“We hold these truths to be self-evident, that all men are created equal, that they are endowed, by their Creator, with certain unalienable Rights, that among these are Life, Liberty, and the pursuit of Happiness.”
Although these words were written in 1776, they still resonate with many today. But looking at the text of the Declaration of Independence through a modern lens, it’s not hard to spot a rather large problem: the Founding Fathers left out about 50% of the population.
Why is it important to avoid gendered language in business communication?
Being inclusive means considering a number of factors as they relate to your colleagues, coworkers, and clients—race, sexuality, and age, to name a few. Each factor is becoming increasingly important as businesses (and businessowners) become more diverse.
Business was once almost exclusively the domain of men, but no more. According to the National Association of Women Business Owners, more than 11.6 million firms are owned by women; women-owned businesses generate $1.7 trillion in sales each year; and women-owned businesses employ nearly nine million people.
In addition, more and more businesses are owned by (or employ) individuals who are non-binary or genderfluid. With so much diversity in the workplace, there is no good reason for your professional writing to be stuck in the 18th century.
So how do I write without using gendered language?
The bad news is you might have to break some long-standing habits and form some new ones. The good news is, you probably already incorporate some tactics that reduce gender bias, whether you intended to or not!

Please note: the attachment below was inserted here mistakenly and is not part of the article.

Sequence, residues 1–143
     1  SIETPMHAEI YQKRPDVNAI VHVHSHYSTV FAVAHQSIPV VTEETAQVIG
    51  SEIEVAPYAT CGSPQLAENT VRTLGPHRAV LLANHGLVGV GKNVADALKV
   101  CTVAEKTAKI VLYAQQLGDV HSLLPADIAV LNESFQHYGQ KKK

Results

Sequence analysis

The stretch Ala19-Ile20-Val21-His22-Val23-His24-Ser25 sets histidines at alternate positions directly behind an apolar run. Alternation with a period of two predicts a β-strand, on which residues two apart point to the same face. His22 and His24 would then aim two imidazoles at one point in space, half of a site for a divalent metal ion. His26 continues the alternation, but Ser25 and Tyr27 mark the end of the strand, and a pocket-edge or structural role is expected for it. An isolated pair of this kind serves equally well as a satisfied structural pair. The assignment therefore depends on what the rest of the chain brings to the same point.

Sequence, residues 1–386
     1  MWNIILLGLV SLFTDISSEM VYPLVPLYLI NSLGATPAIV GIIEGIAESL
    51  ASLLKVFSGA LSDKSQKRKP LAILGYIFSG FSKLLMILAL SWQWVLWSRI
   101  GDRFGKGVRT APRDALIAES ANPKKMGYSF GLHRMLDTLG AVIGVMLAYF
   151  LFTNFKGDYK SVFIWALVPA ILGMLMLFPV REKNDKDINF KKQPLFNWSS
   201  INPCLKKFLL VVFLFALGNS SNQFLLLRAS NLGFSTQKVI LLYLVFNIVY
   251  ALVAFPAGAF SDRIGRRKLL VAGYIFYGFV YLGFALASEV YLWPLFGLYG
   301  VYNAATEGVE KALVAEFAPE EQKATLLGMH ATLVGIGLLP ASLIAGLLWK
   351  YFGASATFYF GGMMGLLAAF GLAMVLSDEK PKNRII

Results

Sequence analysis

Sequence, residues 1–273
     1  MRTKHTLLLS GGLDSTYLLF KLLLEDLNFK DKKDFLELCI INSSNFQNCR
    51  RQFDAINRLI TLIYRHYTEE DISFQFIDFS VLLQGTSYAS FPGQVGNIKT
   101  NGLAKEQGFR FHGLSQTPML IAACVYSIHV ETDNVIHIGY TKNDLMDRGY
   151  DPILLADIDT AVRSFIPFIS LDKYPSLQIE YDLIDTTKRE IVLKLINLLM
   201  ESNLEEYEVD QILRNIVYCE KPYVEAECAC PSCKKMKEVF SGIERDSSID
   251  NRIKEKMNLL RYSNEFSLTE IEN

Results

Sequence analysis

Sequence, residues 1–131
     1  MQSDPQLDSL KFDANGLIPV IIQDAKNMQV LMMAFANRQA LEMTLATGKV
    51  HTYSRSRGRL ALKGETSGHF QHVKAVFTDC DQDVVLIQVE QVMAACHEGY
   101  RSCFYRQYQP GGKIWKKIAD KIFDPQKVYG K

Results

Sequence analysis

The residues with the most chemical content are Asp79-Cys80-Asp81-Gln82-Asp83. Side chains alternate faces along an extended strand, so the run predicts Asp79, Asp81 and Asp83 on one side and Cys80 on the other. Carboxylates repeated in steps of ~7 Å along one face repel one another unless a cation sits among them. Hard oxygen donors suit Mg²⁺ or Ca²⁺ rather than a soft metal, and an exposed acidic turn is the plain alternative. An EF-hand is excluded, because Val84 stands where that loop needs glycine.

Just to jog your memory, pronouns are words like “she” or “him” that take the place of a person’s name. The English language doesn’t have a gender-neutral version, but it’s become perfectly acceptable in recent years (even according to style manuals such as Chicago and Associated Press) to use “they” or “them” or “theirs” as a substitute. The nice thing about using they/them/theirs is they can help you say something more quickly and in a more inclusive way. In fact, you might already be using them just to save time and keystrokes. Here’s an example:
When he or she calls the office, please transfer him or her to me.
When they call the office, please transfer them to me.
When communicating with an individual, it’s important to use their preferred pronoun. If you are making initial contact with someone and are unsure of which pronoun to use, one way to find out is to share your own pronouns, thus offering an invitation for them to share as well. Check out this example from the Online Writing Lab at Purdue University:
Hello, my name is [insert], and my pronouns are she/her/hers; he/him/his; or they/them/theirs; etc.
Watch out for words with “man”
All sorts of nouns are based around the word “man,” and pretty much all of them should set off alarm bells if you want to be gender-inclusive. Instead of man-made, say “artificial” or “synthetic”. There are all sorts of examples, but here are some good ones compiled by The Writing Center at University of North Carolina Chapel Hill:
|Instead of this…||Use this:|
|man-made||machine-made, synthetic, artificial|
|the common man||the average person|
|chairman||chair, chairperson, coordinator, head|
|congressman||legislator, congressional representative|
|Sir (in “Dear Sir,” etc.)||Dear Sir or Madam, Dear Editor, Dear Members of the Search Committee, To Whom it May Concern|
Being gender-inclusive in your writing isn’t a huge undertaking; it’s just a matter of being a little more thoughtful and intentional every time you click the “Compose” button.
Need more help with inclusion?
We hope these tips will help you feel more confident in your business communication. If you feel as though your business would benefit from more training on inclusion and diversity—or if you would like to know how to evaluate how inclusive your business is—reach out to us using this handy form or the contact information below. We’d love to hear from you!